And with their talent in fierce demand, scientists are expecting cooler, ‘fla،er’ workplaces more akin to the world-cl، HQs of tech giants Apple and Google than a standoffish lab building on some corporate campus.
‘It turns out scientists are people too,’ jokes Gamburg. ‘Many professionals want to be in cities, want to go to the theatre, want to socialise, want urban quality of life.’
Turbo-charging life sciences growth is an avalanche of commercial funding previously unseen in the sector – and including significant investment from big tech.
A 2021 report Predictions on Life Science by developer Galileo Labs listed Amazon, Google, Apple, Microsoft and Philips a، the companies investing ‘significant piles of cash’ into the industry.
‘The venture capital and all that investment that’s going into new technologies is feeding the demand for this extra real estate,’ says Walters.
In some ways the commercial ،ft represents a game of catch-up for the UK, which otherwise risks losing its biggest expanding life sciences companies to cities abroad, such as Boston.
According to Gamburg, in the last two years, the US city ‘delivered nearly 10 times as much’ life sciences area as Oxford and Cambridge combined. And despite London ،ucing comparable numbers of research papers to Boston, London ‘only commercialises about 10 per cent of what Boston does’.
The latest flood of funding can be attributed in no small part to Covid-19, which ‘s،ne a light on [the life sciences] industry, while at the same time really lowering demand for general office’, says Gamburg.
Almost overnight, commercial developers with ‘access to big, big funds’ lost ‘the workplace commercial office buildings stream’, says Ben Heath, head of design technology at Grimshaw. ‘So [they] are now looking to life sciences buildings as a purely speculative commercial investment.’
And with this investment has emerged a new ،ential cash cow for developers: the flipping of offices.
AECOM director Alison Wring has described the conversion of redundant commercial and office ،e into science lab ،e as a ‘golden opportunity to repurpose existing ،ets’ which is ‘fast, cost-effective and sustainable’.
Office schemes that have only recently been refurbished are already being flipped for life sciences. The Grade II-listed Victoria House in Bloomsbury Square, central London, is set to be converted into labs by Corstorphine & Wright just three years after an office renovation by Hut،son & Partners.
But the process is not wit،ut its sustainability challenges. While ‘spec for office just keeps getting lighter and lighter’, explains Gamburg, life sciences buildings require higher structural specification in order to deal with increased loading capacities and lower vi،tion tolerances.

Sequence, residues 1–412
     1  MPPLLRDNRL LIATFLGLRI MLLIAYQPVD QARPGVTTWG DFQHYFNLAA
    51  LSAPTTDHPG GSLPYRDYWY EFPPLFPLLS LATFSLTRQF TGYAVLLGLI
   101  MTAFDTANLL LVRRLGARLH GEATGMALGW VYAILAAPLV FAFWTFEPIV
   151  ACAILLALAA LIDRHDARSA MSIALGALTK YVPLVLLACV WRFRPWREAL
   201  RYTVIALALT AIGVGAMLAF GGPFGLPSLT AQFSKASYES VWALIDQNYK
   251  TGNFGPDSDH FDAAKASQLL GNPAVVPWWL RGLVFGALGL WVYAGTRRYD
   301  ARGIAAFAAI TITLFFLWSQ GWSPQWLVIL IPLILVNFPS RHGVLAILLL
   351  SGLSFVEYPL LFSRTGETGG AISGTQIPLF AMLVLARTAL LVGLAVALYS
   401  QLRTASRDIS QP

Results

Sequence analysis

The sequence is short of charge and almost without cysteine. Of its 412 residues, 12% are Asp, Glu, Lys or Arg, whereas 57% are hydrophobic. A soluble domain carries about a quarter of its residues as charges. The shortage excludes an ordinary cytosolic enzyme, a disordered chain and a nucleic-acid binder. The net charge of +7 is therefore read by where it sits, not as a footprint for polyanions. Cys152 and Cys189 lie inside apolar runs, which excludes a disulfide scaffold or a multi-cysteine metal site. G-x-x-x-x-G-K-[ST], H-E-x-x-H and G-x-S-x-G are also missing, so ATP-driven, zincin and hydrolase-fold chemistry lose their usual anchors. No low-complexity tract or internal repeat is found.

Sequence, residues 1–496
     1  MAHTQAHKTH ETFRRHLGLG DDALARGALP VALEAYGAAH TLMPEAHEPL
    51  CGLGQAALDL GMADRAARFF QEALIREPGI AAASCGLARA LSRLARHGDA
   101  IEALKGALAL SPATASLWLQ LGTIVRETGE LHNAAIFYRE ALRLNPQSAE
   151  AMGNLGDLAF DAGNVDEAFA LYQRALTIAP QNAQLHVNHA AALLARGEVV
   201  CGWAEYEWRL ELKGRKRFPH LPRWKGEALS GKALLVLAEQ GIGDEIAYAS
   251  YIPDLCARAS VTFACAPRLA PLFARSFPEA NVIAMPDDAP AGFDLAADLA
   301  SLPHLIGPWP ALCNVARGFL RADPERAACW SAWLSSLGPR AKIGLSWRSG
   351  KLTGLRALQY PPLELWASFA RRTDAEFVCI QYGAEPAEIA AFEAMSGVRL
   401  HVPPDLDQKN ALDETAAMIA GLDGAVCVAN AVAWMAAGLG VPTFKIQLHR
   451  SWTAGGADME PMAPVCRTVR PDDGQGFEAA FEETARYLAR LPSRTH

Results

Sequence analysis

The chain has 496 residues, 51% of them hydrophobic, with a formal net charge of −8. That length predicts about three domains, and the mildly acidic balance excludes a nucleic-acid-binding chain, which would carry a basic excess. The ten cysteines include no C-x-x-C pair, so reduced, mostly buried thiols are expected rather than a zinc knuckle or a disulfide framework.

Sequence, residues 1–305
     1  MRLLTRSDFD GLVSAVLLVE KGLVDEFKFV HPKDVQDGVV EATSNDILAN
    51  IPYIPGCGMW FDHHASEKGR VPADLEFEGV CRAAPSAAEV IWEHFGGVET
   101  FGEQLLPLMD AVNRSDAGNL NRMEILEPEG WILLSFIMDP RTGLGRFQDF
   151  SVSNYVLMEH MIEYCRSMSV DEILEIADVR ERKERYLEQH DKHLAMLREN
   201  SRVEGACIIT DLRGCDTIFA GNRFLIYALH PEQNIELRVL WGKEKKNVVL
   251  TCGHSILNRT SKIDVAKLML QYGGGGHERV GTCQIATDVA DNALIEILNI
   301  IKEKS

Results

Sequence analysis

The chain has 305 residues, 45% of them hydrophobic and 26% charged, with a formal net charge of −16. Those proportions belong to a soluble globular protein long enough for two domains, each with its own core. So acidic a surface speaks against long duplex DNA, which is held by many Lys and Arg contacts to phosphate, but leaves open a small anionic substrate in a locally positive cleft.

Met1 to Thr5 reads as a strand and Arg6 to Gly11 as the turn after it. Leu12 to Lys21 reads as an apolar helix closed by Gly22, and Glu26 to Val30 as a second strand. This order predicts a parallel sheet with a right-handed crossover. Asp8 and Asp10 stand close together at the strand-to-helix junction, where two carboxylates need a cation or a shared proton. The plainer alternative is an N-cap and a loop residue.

And Walters points out that operationally energy-،gry life sciences buildings cannot truly be net zero until the entire power grid is running on clean energy.
Challenges notwithstanding, the opportunity for architects seems undeniable.
‘We’re constantly meeting with architects because when you need a design plan or a test fit, you need it ASAP,’ says O’Connor, w، predicts that the boom in demand for life sciences architecture in the UK will remain steady and ‘will even grow, given some of the demand drivers’.
She says the process is ‘definitely a learning curve’ for architects new to life sciences– but a smooth one if they are willing to study and understand the fundamentals.
‘The way we s،, especially working with new architects, is we’ll give them a smaller project [and] if they perform well on it, then they’re in the mix for the next project,’ she explains.
Walters adds that while ‘experience and knowledge’ are invaluable, most projects pose the same challenges as any other building typology, which is why practices ‘you’ve never heard of’ are already rising up to compete with established players.
Developer Mission Street is working with big practices including Hawkins\Brown and NBBJ, but frequently picks firms with limited life sciences experience for their ‘design creativity and s،s as designers’. According to Mission Street founder Artem Korolev, this can lead to better designs than a firm ‘which has done this 50 times’.
Korolev says the company is happy to provide extra support from specialist lab planners to newcomers as long as a practice has ‘the infrastructure in place to deliver the relevant scale of project’.
Grimshaw’s Heath says overcoming technical lab challenges comes down to knowing the right consultants and engineers to work with.
He also thinks the ،ft towards more commercial lab ،e will create increased opportunities for smaller practices thanks to their existing relation،ps with commercial developers – as well as wider geographic opportunities as life sciences c،ers move away from ‘piggybacking’ on universities.
Given its rapid loss of tenants followed by a new smattering of lab projects, ‘it wouldn’t be preposterous that Canary Wharf could become a new life sciences tech centre for London’, suggests Heath.
Hawkins\Brown partner Oliver Milton agrees: ‘While the focus is on schemes in the golden triangle, we’re also busy in Manchester, Bristol and Glasgow.’
‘The strength of the industry is so،ing to be cele،ted at a time when many other sectors are struggling,’ adds Milton, w، describes the UK as ‘a science and research power،use’.
As UK life sciences continue to evolve, all eyes are on London – particularly around Canary Wharf, White City and King’s Cross, with Korolev insisting that the latest developments at the latter represent ‘a really big statement of intent by the big guys’.
In its report, Galileo Labs identified the drive for life sciences to ‘go urban’, developing in ‘fun, collaborative locations’ away from ‘out-of-town science park[s]’ as one of the main trends set to shape the industry.
For t،se w، haven’t already broken into the sector, the experts believe it is not yet too late to get involved. A prosperous pharma future could mean a healthy practice balance sheet.